Birds at Goldcliff Lagoons
The saline lagoons at Goldcliff are part of Newport Wetlands National Nature Reserve. Most of the birds here also use the adjacent Severn Estuary mud-flats and saltmarsh for feeding and roosting, depending on the state of the tide. On very high spring tides, when the whole foreshore can be covered in water, many birds come onto the lagoons to roost and feed.
During the autumn and winter months, the reserve is a vital pit-stop for migratory ducks and waders, such as teal, wigeon, curlew and lapwing. These birds arrive from Scandinavia and northern Europe in huge numbers to feed on the millions of creatures that live in the mud, sand and saltmarsh.
Click here for more information about Goldcliff Lagoons.
Cranes are once again nesting on the Levels after an absence of 400 years. Look for these impressive birds in fields around the Levels feeding on seeds, roots, insects, worms and snails.
A large wading bird, with long legs and a long beak. In summer, they have bright orangey-brown chests and bellies, but in winter are greyish-brown. Look for the white stripe on the wing when in flight.
Also called the peewit for its distinctive call, the lapwing’s rounded wings and head crest make it easy to identify. Up-close the back and wings have an iridescent green and purple sheen.
A large wading bird with a long downward curving beak, which it uses to catch worms, shellfish and shrimps. Listen out for the curlews evocative call.
A small dabbling duck. Males have a chestnut coloured head with broad green eye-patches, and a black edged yellow tail. During the winter, huge numbers arrive in the UK from Siberia and the Baltic.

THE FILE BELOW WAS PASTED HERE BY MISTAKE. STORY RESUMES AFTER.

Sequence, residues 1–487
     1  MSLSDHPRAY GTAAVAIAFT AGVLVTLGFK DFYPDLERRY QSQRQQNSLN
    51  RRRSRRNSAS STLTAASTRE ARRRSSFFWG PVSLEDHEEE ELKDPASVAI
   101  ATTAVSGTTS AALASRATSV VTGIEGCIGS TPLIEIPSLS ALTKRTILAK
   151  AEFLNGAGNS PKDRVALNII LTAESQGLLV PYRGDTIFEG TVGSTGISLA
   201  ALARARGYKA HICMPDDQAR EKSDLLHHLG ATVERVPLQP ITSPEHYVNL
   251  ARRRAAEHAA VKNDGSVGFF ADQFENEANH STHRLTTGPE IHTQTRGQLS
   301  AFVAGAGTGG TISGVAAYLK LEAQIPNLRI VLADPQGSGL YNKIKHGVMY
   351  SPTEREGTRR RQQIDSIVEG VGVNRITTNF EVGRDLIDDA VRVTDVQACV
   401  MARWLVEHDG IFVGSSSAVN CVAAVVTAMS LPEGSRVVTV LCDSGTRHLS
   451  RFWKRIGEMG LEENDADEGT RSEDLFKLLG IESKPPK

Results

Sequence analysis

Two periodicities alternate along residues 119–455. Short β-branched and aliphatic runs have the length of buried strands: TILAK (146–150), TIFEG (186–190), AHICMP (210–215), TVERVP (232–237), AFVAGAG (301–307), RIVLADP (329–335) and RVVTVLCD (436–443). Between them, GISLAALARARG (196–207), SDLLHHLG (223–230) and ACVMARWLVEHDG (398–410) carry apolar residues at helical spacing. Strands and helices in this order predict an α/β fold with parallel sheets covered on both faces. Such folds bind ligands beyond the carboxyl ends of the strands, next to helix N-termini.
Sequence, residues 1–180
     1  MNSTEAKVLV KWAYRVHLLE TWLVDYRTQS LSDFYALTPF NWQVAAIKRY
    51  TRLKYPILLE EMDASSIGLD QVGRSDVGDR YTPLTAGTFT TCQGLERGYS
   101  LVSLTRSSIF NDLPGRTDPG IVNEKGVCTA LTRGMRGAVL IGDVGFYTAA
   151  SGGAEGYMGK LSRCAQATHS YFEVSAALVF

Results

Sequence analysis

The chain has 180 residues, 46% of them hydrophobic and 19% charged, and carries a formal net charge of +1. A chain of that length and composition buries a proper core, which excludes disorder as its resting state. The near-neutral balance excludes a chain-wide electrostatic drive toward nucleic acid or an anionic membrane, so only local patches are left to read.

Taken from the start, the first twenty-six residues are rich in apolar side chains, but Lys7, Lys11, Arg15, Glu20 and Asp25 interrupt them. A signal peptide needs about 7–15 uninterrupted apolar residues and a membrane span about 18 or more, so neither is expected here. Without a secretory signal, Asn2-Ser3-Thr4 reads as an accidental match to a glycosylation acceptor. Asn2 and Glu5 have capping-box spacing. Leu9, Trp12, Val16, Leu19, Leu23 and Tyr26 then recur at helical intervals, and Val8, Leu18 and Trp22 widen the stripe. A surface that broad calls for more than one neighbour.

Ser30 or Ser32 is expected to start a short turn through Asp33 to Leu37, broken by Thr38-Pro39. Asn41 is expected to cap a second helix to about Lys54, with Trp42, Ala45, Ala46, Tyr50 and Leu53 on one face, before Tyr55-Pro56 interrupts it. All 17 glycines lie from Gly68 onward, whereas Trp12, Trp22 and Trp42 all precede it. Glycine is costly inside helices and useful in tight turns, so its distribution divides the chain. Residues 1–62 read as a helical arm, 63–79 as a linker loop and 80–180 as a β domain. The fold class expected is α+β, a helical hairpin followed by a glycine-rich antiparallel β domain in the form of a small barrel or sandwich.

A medium-sized duck. Males have a chestnut head, yellow forehead and pink breast, and a distinctive whistling call. Large numbers overwinter in the UK from Iceland, Scandinavia and Russia.
The stately grey heron can often be seen stalking through shallow water at low tide hunting for fish and eels.
The commonest small wader found along the coast - feeding flocks can number thousands.
Named for its bright red legs, the redshank uses its long bill to probe for insects, worms and molluscs in the soft mud.
A stocky, black and white wader, with a long orange beak and reddish-pink legs. It uses its strong beak to prise open cockles and mussels.
A small short-legged wader, often seen scurrying along the sea shore looking for flies, worms, and molluscs.
Greenshank can be distinguished from other waders by its green legs and slightly upturned bill, which it uses to hunt for worms, snails and fish.
A distinctive black and white bird with an upturned beak. It feeds on larvae, crustaceans and worms.